Tinashe Kusema The Big & Small Screen
THERE was excitement among “oppressed” groups of the world when news came out that two of the leading contenders of this year’s Oscar race were black films with a cast made up of people of colour.
The fact that “Fences”, and in particular its leading lady Viola Davis, went on to win was indeed icing on the cake.
Now the Oscars are done, focus will shift to who will win next. But please bear with me for holding you back a little.
This week’s piece is not really on “Fences”, Viola Davis, and the supporting actress débâcle. Instead, it is on the other leading black film, “Hidden Figures”, which tells the story of Katherine Johnson, an African-American physicist and mathematician, who worked tirelessly on the US space programme in the 1950s.
She played a key role in helping get Alan Shepard into space, scoring a key victory for the United States in the space race with the Soviet Union.
“Hidden Figures” seeks to tell that story through the eyes of Johnson (played by the vivacious Taraji Penda Henson) and her two friends Dorothy Vaughan (Octavia Spencer) and Mary Jackson (Janelle Monae).
Their struggle is not about seats on a bus, using public toilets and stuff. The struggle was and continues to be about equality.
There is a thin line between an injustice and a struggle. An injustice is part of a struggle, but an injustice can never be a struggle.
I bring this up because I am tired of these silly racial films that confuse the two, a case in point being “Hidden Figures”.
The common denominator in these so-called race films is that they usually come from an uninformed perspective.
Eminem is loved by blacks because he did not adopt hip-hop and pander to black people by quoting Malcolm X or claiming to know few Black Panthers.
Eminem simply used hip-hop to express his own struggles and give people a dose of the demons he has had to fight.
Why can’t the movie makers get this simple lesson?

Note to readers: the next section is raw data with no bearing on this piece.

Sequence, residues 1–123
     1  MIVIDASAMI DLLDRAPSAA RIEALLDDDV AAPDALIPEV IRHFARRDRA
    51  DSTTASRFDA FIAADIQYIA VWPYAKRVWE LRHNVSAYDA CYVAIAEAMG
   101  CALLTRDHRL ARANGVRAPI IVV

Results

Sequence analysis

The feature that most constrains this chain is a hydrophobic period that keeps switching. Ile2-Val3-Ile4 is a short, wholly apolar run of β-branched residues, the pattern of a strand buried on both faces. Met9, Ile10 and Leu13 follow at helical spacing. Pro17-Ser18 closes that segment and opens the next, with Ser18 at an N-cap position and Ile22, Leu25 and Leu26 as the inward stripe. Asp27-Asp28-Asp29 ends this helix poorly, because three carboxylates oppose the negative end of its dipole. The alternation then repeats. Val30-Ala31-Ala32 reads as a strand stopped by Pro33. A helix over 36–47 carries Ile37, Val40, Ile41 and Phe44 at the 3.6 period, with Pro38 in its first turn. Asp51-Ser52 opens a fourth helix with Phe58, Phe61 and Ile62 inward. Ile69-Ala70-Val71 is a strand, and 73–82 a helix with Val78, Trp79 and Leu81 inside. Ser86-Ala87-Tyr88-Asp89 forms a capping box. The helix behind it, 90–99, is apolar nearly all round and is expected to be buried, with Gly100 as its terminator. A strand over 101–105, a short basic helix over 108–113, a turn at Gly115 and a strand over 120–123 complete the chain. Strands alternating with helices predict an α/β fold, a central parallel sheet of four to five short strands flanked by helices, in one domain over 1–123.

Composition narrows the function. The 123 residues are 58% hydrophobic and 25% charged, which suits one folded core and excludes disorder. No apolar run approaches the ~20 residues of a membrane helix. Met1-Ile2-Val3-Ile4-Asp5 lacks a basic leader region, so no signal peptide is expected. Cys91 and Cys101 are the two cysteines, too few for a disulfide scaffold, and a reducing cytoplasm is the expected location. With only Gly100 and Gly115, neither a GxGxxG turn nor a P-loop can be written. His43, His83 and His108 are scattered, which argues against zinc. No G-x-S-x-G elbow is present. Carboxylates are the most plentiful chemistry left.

It is for this reason that I was immediately deflated when I read that “Hidden Figures” was written and directed by two whites, Alison Schroeder and Theodore Melfi.
Even after two viewings, it felt like I was reliving 2015 and the whole “Straight Outta of Compton” fiasco.
In essence, “Hidden Figures” was supposed to be about these three women’s contributions to the space race. I mean it says so in the title, “Hidden Figures”. Duh!
Instead, we get bucket loads of dirty white looks from Jim Parsons (Paul Stafford) and Kirsten Dunst (Vivian Mitchell).
These two are supposed to represent white supremacy, and despite having a considerable amount of screen time, they do not really do or say much. They just do their dirty looks and bored groans.
I think Taraji Henson, an incredible actress, was totally miscast. She brings too much “Cookie”, from Empire and lacks the necessary depth to pull off the role.
Schroeder’s writing was horrible.
I found the whole Johnson running to use the black’s restroom across campus, and her monologue at the end to be totally counterproductive.
Johnson does nothing mathematical or analytical in the movie, expect getting reams of papers dumped on her desk.
Spencer, as always is a breath of fresh air, and nails her part like a boss, while Janelle Monae kind of meanders her way through her scenes.
That is Schroeder’s fault.
Oh, and I almost forgot to mention that Kevin Costner is also in the movie. For a man of such talent, how could it be that his most notable contribution is the cheesy scene where he tears down the “Whites Only” sign on a restroom?
Ms Schroeder’s fault, I presume?
That said, because America is so in love with its post-racial society myth, “Hidden Figures” did exceptionally well at the box office, grossing at least US$214 million from a budget of about US$24 million.
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